Lithuania to Pay Over 6,000 Euros for Violating Refugee Rights

For violating the rights of two Afghan refugees, Lithuania will be forced to pay more than 6,000 euros, ruled the Supreme Court of Lithuania. This decision, which is final, came more than two years after the events.

Two weeks ago, more than two years after the traumatic experiences of two underage refugees from Afghanistan, justice was finally carried out by the Supreme Court of Lithuania — for violating the rights of the minors, Lithuania will be forced to pay more than 6,000 euros.

"These days there is a lot of talk about refugees that come to Europe and, at the same time, to Lithuania, and as such it is heartening that the Supreme Court reminded the state of its duty to observe its international commitments and to respect human rights," commented Jūratė Guzevičiūtė, the legal director of the Human Rights Monitoring Institute.

Faced with abuse in Lithuania

Both Afghan nationals were detained by the State Border Guard while crossing the Lithuanian border in April of 2013. The youths claimed they were 14 and 17 years old and that they've come here seeking protection from threats they faced in their own country.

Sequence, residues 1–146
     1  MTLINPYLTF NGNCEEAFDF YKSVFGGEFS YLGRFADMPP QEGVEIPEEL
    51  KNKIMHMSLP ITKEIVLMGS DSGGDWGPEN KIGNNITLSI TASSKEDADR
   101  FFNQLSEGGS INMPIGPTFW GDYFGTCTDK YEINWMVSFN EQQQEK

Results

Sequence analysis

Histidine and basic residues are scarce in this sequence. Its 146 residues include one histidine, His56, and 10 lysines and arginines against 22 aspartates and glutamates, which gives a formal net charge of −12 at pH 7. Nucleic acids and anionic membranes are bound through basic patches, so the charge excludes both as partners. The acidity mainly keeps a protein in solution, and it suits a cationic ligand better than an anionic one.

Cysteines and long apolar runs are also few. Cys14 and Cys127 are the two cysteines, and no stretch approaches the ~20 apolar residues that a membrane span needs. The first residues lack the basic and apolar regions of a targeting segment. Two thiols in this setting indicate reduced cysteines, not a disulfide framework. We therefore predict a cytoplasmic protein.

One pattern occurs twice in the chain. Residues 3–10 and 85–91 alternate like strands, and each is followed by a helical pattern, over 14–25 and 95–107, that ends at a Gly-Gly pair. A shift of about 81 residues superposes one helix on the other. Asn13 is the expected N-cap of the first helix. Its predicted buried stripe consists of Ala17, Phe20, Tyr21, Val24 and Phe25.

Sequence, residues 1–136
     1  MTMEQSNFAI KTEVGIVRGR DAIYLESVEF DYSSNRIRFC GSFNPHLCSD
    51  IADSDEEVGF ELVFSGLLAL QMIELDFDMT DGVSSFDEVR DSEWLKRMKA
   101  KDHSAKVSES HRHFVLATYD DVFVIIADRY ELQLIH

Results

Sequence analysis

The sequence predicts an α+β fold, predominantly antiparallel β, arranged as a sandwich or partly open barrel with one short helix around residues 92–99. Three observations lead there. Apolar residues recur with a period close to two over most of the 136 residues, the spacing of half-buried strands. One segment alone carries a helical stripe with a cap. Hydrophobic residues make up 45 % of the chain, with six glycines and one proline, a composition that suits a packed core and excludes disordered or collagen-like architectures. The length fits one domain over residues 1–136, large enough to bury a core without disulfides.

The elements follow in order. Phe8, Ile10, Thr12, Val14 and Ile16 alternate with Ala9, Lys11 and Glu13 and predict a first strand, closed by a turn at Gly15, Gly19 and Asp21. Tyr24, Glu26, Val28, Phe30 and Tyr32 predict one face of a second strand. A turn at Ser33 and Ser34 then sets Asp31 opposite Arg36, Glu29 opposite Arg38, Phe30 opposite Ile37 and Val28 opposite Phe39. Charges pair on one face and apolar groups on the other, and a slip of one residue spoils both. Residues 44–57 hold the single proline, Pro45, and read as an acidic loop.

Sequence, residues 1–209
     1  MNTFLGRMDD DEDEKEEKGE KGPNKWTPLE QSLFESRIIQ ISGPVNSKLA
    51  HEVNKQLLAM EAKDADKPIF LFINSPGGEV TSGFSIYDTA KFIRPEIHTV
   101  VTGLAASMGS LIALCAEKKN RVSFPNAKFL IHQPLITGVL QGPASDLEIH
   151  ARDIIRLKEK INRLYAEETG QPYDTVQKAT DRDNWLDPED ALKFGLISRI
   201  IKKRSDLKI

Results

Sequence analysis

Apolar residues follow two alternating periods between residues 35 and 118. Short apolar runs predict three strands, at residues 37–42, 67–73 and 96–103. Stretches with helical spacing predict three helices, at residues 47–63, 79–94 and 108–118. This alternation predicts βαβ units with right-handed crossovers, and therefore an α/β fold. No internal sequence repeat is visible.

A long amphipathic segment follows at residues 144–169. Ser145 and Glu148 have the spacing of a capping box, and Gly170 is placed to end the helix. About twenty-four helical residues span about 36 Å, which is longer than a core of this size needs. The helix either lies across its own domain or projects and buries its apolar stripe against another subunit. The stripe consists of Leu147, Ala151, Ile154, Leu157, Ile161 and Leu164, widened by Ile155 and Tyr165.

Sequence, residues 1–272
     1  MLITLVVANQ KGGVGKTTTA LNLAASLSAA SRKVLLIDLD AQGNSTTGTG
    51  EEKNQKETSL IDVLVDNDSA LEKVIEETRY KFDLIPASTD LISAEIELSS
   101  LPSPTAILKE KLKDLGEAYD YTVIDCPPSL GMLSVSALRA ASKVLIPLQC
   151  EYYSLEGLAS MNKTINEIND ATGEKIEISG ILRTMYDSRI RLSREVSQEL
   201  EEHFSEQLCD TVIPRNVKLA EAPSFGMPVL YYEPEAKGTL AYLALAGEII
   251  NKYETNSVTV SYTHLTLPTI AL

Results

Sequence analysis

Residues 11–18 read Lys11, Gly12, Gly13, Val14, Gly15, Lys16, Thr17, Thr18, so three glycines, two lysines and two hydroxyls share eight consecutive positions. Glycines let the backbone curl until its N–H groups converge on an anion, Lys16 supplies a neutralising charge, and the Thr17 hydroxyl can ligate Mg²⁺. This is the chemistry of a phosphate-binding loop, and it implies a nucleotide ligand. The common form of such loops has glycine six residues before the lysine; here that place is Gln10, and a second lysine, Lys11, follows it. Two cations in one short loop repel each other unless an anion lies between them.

Even though national and international law provides that asylum seekers are exempt from criminal liability for illegal border crossing, Lithuania did not follow these rules. The young men were detained and held in prison together with adult men for three months, where they faced abuse and humiliation.

HRMI and the Red Cross

Representing the interests of the Afghan nationals, the Human Rights Monitoring Institute together with the Lithuanian Red Cross Society filed a claim in November 2013 to have the detention and the sentencing of the children be declared unlawful and to obtain compensation for the psychological harm the two suffered as a result of the state's actions.

Even though the regional court ruled that the state had not acted unlawfully, the decision of the Supreme Court of Lithuania rectified this mistake. The court held that the authorities did not give due and timely consideration to their status as refugees — both were supposed to be afforded special protection.